So, yeah, Taco Hell’s last ever released song is called “Goodbye” and they have just completed their last-ever tour as a band. It is a huge shame considering the potential they demonstrated during their time as a band, but let’s not focus on that and instead value what we’ve got: an inventive, catchy and dynamic album from one of the best bands I’ve heard from the UK punk scene in the last few years. If somebody from outside the UK is reading this and wants a good example of what is going on here, Bad at Being Average is not a bad place to start at all.

DB

Check the album out here: https://tacohellband.bandcamp.com/

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Slumberland Records was founded in 1989 the Washington, DC area many years ago, and they were one of the top champions of indie pop through the heyday of the nineties, releasing records by bands like Velocity Girl, Whorl, The Ropers, Honeybunch, and more. The label eventually moved across the country to Oakland, California and I lost track of what they were doing, but it’s great to see they’re still active, putting out beautiful, jangly music. Gorgeous vocals duel over sweet melodies performed with just the right mix of noise and jangle in the guitars. Favorite tracks: “Less Than Perfect” is prettiest tracks on the record, with the best chorus, the jingliest guitars, and the most beautiful vocals. “Keep In Touch” is right up there, with dreamy guitars and vocals that wind around each other. I also love “Bad Year,” a sad sounding song with depressing lyrics. “I Only Dance When I Want To” has a pretty Stereolab-like chorus that makes me smile. And I’m listing lots of the songs as my favorites, so suffice it to say that every track is quite enjoyable.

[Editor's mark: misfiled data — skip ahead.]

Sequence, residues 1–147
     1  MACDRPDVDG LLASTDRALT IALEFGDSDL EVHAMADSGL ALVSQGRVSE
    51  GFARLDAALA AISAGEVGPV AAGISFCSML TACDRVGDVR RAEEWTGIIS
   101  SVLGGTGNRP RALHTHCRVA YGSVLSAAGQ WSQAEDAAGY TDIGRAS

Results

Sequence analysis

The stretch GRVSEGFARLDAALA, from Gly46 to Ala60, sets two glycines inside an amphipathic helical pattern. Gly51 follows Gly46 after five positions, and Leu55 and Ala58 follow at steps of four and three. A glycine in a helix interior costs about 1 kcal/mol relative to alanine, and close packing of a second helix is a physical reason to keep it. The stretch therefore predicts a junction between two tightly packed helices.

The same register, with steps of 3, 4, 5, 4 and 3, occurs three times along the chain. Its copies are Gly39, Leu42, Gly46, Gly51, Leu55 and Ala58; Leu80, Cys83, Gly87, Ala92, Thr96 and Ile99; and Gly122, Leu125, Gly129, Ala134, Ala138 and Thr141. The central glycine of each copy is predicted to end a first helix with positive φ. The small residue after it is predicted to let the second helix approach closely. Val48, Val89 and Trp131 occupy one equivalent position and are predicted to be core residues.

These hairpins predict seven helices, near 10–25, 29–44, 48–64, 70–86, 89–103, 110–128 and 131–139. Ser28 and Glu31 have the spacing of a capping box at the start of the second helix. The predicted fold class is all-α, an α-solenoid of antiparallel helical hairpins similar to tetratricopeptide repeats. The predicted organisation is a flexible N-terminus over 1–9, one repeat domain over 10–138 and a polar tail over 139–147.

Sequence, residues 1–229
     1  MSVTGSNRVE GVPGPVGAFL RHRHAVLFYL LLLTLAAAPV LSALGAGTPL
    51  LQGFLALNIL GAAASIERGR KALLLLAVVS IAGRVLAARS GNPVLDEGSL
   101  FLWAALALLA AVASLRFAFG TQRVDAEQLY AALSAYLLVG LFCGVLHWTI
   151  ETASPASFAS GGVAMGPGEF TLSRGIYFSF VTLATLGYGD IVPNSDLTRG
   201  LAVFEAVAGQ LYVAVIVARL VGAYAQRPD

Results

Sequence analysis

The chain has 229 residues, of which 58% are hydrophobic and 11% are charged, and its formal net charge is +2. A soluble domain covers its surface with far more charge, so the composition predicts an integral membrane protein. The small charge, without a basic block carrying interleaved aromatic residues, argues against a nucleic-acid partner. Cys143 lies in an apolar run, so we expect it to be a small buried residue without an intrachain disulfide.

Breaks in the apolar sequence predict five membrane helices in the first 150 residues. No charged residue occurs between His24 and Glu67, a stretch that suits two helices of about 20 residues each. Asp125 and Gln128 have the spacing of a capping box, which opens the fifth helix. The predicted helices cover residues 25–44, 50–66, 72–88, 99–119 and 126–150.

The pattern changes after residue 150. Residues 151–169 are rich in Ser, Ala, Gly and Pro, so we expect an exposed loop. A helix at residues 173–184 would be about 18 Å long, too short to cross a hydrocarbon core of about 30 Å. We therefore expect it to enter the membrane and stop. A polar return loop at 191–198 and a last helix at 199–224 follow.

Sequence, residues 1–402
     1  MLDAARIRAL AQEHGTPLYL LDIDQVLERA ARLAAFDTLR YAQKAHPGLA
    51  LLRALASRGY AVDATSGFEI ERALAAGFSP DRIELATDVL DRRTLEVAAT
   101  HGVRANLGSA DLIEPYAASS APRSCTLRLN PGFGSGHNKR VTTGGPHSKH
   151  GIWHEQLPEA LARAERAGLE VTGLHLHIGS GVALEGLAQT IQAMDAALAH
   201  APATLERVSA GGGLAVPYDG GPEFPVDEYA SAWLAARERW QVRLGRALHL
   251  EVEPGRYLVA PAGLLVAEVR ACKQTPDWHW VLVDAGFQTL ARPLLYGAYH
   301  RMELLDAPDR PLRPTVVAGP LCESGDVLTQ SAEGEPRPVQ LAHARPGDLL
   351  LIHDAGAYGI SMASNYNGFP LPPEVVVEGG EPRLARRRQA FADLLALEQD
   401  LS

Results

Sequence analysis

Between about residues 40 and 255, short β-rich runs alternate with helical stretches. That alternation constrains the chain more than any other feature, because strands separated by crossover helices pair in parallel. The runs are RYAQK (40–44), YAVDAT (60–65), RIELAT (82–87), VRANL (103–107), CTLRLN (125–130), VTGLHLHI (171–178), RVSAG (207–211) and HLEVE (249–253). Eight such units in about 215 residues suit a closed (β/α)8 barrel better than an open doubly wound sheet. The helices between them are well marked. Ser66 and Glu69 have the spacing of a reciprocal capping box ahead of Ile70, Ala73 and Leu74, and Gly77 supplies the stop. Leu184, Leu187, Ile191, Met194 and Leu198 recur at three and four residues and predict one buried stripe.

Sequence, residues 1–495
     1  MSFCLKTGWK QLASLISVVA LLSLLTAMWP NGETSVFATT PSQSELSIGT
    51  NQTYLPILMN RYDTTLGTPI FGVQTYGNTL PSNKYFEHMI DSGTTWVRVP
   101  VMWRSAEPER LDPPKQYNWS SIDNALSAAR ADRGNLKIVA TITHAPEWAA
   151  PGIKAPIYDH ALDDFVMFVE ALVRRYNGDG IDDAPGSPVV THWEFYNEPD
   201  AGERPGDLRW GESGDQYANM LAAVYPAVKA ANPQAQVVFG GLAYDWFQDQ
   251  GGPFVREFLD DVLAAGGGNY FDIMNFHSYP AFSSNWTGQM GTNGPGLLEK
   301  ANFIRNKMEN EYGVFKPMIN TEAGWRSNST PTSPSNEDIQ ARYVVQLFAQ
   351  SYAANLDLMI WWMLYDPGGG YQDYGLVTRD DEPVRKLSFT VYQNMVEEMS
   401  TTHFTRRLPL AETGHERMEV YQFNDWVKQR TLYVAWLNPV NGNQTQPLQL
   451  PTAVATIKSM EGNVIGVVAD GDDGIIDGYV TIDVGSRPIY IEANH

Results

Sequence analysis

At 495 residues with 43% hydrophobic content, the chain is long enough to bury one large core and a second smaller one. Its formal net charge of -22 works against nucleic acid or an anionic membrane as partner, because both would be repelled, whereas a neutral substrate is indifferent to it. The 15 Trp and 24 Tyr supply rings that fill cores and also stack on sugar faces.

PS

Check it out here: http://ilovealcopop.awesomedistro.com/products/605351-the-spook-school-could-it-be-different-lp-cd-be-different-shirt-preorder

Big sing-along pop punk that will have you punching your first upward while your other arm wraps around your mate’s neck, your hand clutching a pint of beer that’s sloshing all over as you shout out lyrics at the top of your lungs. The tracks are melodic, with the vocal lines gliding slowly over guitars that move at a more rapid pace. On some of the tracks, there’s even hints of jangle in those guitars. The overall sound reminds me of a blend of RVIVR and The Penske File. You get the explosive, emotive qualities of the Canadian band, with melodic lines that soar, ready for gang vocals, like Washington State’s finest. “Line ‘Em Up” is a favorite, for its moves back and forth between straight time and double time and its beautiful guitar embellishments. The gang vocals at the start of “More Colours” remind me a bit of one of the most underrated bands of all time, Gauge (the Chicago area early 90s band). “Hurting So Much It Laughs” is a simple song, but has a beautiful soaring melody, and the guitar embellishments in the bridge are, again, gorgeous. The album closes with “Sociopath’s Salute,” a perfect anthemic number to end on. This Bristol band has only done a short US tour, limited to the Southeastern states, leading up to 2017’s Fest, but I hope they make it to the West Coast of the USA, because this is a band that’s sure to be a lot of fun live.

PS

Check it out here: https://therunupuk.bandcamp.com/album/the-run-up

Review: Hightower- Club Dragon (Krod)

Posted: January 16, 2018 in Reviews